As her father, Johnny Segraves, battled the monstrous Thomas Fire with his US Forest Service strike team, 5-year-old Faye Segraves became sad.
“It was a big fire. I saw video of it,” she said on the phone from her home in Nipomo, California. “A daddy on the fire died.”
Faye had heard the news about Cal Fire engineer Cory Iverson – who was killed while battling the same Thomas Fire in Ventura County.
Faye’s mother, Kylee, told her daughter, sometimes, bad things happen, “but we have to focus on good things.”
When Faye said she wanted to give money to kids of deceased firefighters to have extra toys for Christmas, the mother and daughter hatched a plan.
Money from chores going toward fund
Faye emptied a glittering gold child’s purse of seven single dollar bills to start her own fund for the Wildland Firefighter Foundation.
The foundation helps support the families of deceased and injured firefighters.
“She was saving that money from chores to buy a My Little Pony,” said Kylee, who also has a 2-year-old son, Jadon. “I gave her my tips from the Elk Lodge in Oceano, where I work. The fund grew to $111 and just hasn’t stopped.”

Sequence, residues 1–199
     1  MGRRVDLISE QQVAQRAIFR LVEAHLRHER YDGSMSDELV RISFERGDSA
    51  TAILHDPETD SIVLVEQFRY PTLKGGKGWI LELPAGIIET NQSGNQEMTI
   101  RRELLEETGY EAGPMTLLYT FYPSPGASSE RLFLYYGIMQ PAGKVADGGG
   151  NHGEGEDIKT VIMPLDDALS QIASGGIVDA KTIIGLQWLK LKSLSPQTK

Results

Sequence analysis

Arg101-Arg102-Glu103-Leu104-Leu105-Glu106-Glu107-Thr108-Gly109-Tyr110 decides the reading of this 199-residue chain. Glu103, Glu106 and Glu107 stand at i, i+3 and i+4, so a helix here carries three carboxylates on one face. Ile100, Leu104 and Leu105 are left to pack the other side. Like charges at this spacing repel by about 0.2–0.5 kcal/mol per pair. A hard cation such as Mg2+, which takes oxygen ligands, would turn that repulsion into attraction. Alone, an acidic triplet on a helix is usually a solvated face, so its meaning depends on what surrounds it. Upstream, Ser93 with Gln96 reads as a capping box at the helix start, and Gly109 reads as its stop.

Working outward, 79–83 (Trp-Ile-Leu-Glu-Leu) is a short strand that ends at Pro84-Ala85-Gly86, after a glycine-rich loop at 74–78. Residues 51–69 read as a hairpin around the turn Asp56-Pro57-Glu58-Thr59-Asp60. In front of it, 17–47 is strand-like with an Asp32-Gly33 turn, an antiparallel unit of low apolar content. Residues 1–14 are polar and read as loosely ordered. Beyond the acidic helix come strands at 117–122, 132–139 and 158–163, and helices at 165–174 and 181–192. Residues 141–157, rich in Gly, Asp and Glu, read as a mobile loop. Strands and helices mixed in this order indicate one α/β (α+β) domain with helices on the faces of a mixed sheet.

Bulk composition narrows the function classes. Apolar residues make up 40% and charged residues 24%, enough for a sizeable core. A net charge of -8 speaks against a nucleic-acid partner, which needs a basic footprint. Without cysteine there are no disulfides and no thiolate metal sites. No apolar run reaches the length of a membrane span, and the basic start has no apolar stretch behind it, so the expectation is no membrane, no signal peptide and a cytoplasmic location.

According to the foundation’s website, families don’t receive any benefits after a fatality for three months and injured firefighters only receive 60 percent of their base pay. The death on the Thomas Fire was the second time in months little Faye heard about a daddy firefighter dying.
Late last summer, Los Padres National Forest Chief Gary Helming, one of her father’s bosses, died in a car crash while driving home after battling the Railroad Fire near Yosemite National Park.
Fire community close
Helming left behind a wife, who also works for the Forest Service, and three young children. Faye’s contribution will help the Helming family, Kylee said.
“Faye can hear me on the phone talking about these tragedies, the fires,” Kylee said. “The fire community is close.”
Johnny works out of the Pine Canyon Fire Station in the back country east of Santa Maria.
Kylee said, during much of the Thomas Fire, her husband had provided structure protection in Montecito.
That means Johnny, who Kylee estimates makes $38,000 a year in base pay as a federal government employee, helped saved multimillion-dollar estates.
800 hours of overtime
“We miss him when he is on the fire line,” Kylee said. “But, if he doesn’t work overtime, we won’t make ends meet.”
She estimates her husband has worked 800 hours of overtime in the hellish and unending 2017 fire season.
“He’s getting off the Thomas Fire, and we’re going to open presents and celebrate Christmas early. He might be working Christmas Day. ”
Where ever he winds up, Johnny will know his little girl delivered a lasting present.
It’s not just the money raised for kids whose “daddies died.”
Her actions have given people a glimpse into the heartbreak and challenges facing wildfire firefighters’ families.